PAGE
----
Hammarskjold High School student Emily Cross has been selected by the United States Science and Engineering Festival (USASEF) and the US Department of Defense to be one of the 23 keynote speakers at the X-STEM Science and Engineering Festival in Washington DC on April 28.
X-STEM – presented by the U.S. Department of Defense – is an Extreme Symposium for middle through high school students. Interactive presentations by an exclusive group of visionaries aim to empower and inspire kids about careers in science, technology, engineering and mathematics. These STEM role models and industry leaders are sure to ignite students’ curiosity through storytelling and live demonstrations.
Emily is one of two Canadian presenters in 2017, and the only high-school student presenter as well. She joins a variety of world-class researchers and science educators, with past presenters including the likes of Bill Nye, Adam Savage (Mythbusters), Mayim Bialik (Big Bang Theory), Dr. Craig Ventner (guman genome pioneer), Dr. Francis Collins (Director, National Institutes of Health), and many more.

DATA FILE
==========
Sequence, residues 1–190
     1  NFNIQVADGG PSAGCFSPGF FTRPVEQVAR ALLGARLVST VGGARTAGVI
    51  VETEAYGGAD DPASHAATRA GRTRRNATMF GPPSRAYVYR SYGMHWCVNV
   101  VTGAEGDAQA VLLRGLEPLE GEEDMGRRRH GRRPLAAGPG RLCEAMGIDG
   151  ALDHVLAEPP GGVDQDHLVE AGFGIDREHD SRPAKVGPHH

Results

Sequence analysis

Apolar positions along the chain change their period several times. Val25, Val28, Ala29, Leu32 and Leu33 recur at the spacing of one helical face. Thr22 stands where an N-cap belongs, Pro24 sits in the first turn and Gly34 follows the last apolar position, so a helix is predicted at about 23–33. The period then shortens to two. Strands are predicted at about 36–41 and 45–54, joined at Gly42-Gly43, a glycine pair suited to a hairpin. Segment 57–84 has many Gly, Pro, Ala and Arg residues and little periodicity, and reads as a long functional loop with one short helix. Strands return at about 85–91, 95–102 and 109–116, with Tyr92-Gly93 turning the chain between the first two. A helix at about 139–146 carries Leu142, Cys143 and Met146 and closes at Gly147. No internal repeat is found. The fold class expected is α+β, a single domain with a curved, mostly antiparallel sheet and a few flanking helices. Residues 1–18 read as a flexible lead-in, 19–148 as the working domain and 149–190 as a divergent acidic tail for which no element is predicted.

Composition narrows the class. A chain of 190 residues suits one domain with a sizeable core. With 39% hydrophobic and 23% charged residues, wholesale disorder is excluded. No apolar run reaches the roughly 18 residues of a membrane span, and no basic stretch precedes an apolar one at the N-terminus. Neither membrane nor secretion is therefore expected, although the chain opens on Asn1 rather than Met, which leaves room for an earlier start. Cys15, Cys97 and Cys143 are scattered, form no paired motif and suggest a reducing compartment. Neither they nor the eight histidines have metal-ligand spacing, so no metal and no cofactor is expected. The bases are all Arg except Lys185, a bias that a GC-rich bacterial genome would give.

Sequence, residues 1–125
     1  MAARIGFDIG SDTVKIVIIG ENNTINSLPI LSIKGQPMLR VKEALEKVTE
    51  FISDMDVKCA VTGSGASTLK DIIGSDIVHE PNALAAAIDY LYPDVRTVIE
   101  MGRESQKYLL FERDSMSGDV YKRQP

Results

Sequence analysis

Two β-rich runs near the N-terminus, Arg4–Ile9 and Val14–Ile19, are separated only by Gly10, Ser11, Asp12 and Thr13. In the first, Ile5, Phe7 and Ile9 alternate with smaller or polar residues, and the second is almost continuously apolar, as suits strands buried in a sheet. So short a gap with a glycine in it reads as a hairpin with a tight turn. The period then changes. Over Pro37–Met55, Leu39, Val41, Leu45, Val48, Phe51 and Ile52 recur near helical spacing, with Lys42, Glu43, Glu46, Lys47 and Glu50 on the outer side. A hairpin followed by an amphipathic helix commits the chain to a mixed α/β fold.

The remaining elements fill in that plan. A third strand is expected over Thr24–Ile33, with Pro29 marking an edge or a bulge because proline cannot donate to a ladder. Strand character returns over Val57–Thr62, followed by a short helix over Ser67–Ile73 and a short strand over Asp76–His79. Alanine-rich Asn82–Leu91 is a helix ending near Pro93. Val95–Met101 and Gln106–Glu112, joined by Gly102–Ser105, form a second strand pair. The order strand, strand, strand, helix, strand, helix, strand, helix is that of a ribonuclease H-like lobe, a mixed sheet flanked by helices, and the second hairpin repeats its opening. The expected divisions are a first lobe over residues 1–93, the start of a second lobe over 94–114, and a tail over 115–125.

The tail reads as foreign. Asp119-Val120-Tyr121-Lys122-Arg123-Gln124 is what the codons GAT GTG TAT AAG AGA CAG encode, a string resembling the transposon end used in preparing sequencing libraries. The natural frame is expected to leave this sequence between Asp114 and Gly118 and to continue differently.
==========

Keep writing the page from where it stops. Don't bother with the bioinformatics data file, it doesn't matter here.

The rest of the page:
Emily is an internationally-awarded youth scientist, science mentor and STEM educator. She has won the Sigma Xi High School Geoscience Medal (2016), ISEF American Geoscience Special Award First Place (2015), ISEF Earth and Environment Grand Award 4th Place (2015, 2016), Canada-Wide Science Fair Gold Medal (2014), and multiple regional science awards. She was a TEDx speaker in 2016, is a national youth science mentor for the Canadian Youth Research Network, and a Regional Director of Sustainable Youth Canada. Her research discoveries include a method for extracting fossils, fossilized soft tissue and gemstones from ironstone without damage, the discovery of specific environmental factors that degrade or alter stone tool artifacts, the contra-indication of the formation theory of a North American fossil deposit, and recently a new and highly effective method of removing harmful air pollutants.
As an X-Stem presenter, Emily has been chosen to represent Sigma Xi, The Scientific Research Honour Society, of which she is an Associate Member. Her presentation, “The Future of the Past” is designed to inspire youth scientists to pursue scientific research in fields that examine the past in order to illuminate issues in the present, or predict events in the future.
X-Stem reaches up to 370,000 students and educators via live presentations and videoconference technology.
For more information on X-Stem, please contact Nancy Van-Dillen at: email@example.com